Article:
Ex-education chief urges reform
The Ministry of Education should work on promoting outstanding primary schools in every tambon nationwide, a former top education official says.
Varakorn Samkoses, member of a committee of national strategy on human resources development and former deputy education minister, said promotion of top schools was a way to reduce the large number of poor-quality primary schools.
These schools, he said, caused more than 1.2 million primary students problems in improving their education competency, he said.
Mr Varakorn said the country's poor standard of education for children living in remote areas is due to lesser development in such regions, with schools having fewer teaching materials and qualified teachers.
Despite the ministry's plan to merge small schools with bigger ones, it faced strong protests from teachers and parents who want to have schools close to their communities. Mr Varakorn said the best way to solve the problem is the ministry's efforts to improve and upgrade the level of tambon primary schools with full learning infrastructure, teaching materials and skilled teachers to be a lucrative choice for parents.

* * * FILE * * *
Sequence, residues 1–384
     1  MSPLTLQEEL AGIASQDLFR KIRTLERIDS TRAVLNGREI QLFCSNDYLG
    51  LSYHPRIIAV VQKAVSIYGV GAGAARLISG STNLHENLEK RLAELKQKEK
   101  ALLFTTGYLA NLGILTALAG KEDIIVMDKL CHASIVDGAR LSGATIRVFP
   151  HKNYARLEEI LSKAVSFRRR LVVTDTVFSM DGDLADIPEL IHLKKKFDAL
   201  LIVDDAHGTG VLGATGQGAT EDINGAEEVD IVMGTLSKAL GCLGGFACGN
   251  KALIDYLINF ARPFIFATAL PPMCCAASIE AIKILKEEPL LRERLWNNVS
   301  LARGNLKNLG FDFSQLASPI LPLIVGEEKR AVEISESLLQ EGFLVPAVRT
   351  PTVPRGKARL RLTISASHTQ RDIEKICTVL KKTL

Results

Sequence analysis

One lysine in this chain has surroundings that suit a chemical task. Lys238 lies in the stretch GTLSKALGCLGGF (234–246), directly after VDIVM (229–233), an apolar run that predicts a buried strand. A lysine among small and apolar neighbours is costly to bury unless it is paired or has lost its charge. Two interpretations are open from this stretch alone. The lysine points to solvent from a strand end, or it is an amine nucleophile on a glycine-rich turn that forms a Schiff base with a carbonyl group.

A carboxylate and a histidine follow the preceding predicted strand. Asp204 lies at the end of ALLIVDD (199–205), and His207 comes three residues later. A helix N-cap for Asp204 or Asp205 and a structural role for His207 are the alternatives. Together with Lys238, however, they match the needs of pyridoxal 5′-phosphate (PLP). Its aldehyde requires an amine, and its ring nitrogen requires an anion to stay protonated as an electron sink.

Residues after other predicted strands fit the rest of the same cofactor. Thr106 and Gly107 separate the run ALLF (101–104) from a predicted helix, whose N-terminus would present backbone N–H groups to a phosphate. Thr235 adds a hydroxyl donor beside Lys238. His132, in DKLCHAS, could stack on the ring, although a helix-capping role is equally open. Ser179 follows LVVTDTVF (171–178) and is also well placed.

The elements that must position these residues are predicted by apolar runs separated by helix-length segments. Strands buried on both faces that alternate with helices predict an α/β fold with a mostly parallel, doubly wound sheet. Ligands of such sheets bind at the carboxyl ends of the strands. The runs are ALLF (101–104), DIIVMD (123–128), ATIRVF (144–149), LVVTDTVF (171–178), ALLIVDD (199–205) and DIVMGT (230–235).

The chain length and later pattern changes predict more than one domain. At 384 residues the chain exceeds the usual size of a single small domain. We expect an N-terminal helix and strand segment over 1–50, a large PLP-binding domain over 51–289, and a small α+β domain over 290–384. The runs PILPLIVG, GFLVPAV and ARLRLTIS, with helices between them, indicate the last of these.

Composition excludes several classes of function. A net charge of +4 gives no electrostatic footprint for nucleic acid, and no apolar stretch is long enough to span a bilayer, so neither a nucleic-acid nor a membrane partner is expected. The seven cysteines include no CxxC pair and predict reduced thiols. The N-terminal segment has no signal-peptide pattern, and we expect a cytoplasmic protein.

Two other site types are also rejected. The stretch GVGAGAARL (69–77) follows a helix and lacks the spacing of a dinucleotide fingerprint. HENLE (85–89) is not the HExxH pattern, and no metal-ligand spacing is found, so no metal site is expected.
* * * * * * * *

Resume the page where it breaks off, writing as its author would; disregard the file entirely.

He said parents will have more choice and it would be a way to reduce the number of poor quality primary schools.
"The more we have poor quality primary schools, the more we will have problems with improving the education system," he told the course of middle-level media training hosted by Isra Institute Thai Press Development Foundation.
"Children are the ultimate victims from the poor educational system if there is no effort to improve."
A World Bank study found that 1.2 million primary schools students learning in remote areas of Thailand have two years' slower development compared with their peers learning in good quality schools.
Mr Varakorn said the Office of the Basic Education Commission (Obec) has about 9 million students in the system, of which about half leave midway through.
Based on Obec's record, there are 30,000 schools with half of them having fewer than 120 students each.
Meanwhile, statistics show that while 100 students learn in primary schools, 85.6 students will continue studies in Mathayom 1, 79.6 students will continue until Mathayom 3 and 54.8 will go to Mathayom 6 or occupational schools.
He said the key element for a successful educational system is quality teachers.
A survey has found that 40% of employed teachers nationwide are aged between 50 and 60 year, and many have "lost their inspiration for teaching".
He added the ministry has required a change which should be done in a smaller scale, instead of a national scale that has not produced any effective results.
The small scale of change could be done in the strong capacity school by making it more independent and free to design proper learning courses for students.
These schools could then become models for other schools to follow.